What you are describing is a common situation, and a cycle that repeats itself as businesses grow and change. As you point out, business needs evolve, sometimes quite drastically. So does technology. In a fast-paced, flexible environment like yours, it is not surprising that the right technology choice 5 years ago would now be outdated, complex, unstable and possibly, impossible (or very costly) to adapt.
Despite the high cost and risk associated with replacing core technology solutions, they do need to be updated periodically in order to maintain business relevance and competitiveness -- though arguably, as infrequently as possible. One issue is that technology initiatives are often poorly justified, with management setting artificial expectations for increased sales and job reductions. Poorly defined objectives and unreasonable expectations are some of the reasons why so many technology initiatives fail.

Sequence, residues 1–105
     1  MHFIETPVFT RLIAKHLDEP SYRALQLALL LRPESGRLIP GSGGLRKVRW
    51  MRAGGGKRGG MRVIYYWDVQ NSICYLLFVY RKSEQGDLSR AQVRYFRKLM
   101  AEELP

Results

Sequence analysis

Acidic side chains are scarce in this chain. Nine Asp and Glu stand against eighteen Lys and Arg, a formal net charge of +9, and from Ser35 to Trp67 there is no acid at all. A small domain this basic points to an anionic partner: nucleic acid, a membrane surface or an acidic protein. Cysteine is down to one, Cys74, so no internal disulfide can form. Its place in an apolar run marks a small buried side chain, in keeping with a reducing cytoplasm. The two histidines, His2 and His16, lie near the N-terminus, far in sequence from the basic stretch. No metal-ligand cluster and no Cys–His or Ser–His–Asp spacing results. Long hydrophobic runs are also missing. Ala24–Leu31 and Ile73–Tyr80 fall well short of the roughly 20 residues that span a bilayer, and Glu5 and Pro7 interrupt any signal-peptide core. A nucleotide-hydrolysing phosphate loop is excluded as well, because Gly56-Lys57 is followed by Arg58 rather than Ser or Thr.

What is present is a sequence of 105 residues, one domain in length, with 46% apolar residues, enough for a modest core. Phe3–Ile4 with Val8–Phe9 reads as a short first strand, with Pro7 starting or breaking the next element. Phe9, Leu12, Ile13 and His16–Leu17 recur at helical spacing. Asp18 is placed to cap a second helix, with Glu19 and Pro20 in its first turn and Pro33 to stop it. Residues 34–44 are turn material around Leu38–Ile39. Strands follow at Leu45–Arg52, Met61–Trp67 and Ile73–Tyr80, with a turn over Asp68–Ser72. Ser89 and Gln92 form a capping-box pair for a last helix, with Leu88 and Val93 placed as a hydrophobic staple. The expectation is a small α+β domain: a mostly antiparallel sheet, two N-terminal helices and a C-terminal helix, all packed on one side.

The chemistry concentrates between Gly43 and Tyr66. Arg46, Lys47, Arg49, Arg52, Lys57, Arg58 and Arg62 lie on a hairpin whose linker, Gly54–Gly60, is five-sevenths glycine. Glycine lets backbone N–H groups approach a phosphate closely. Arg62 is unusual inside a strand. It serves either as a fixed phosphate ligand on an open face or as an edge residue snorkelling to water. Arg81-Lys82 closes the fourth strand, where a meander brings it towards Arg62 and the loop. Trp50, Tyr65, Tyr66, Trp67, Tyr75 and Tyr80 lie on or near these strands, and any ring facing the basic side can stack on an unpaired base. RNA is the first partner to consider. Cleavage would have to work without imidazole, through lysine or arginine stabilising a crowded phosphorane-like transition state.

As you embark on this realignment exercise, the first and most critical piece of advice I would give you is to go into it with a very clear understanding of what makes you and your company different: your core capabilities, processes, know-how. Whatever it is that makes your business unique and gives it its competitive edge. It is tempting to select a replacement solution with the 80/20 rule in mind: "if the solution supports 80% of our needs, it will work". I would caution that most, if not every credible technology contender in your industry will in fact be able support 80% of your (and everyone else's) needs. Rather, the question is whether they can adequately support the core 20% that makes you different.
I would also make sure to select partners that fit your culture. If your employees are very autonomous and used to a lot of flexibility, do not implement a system designed around inflexible workflows, for example.
Without more understanding of your specific business and challenges, I can only provide input on generalities. I hope this helps.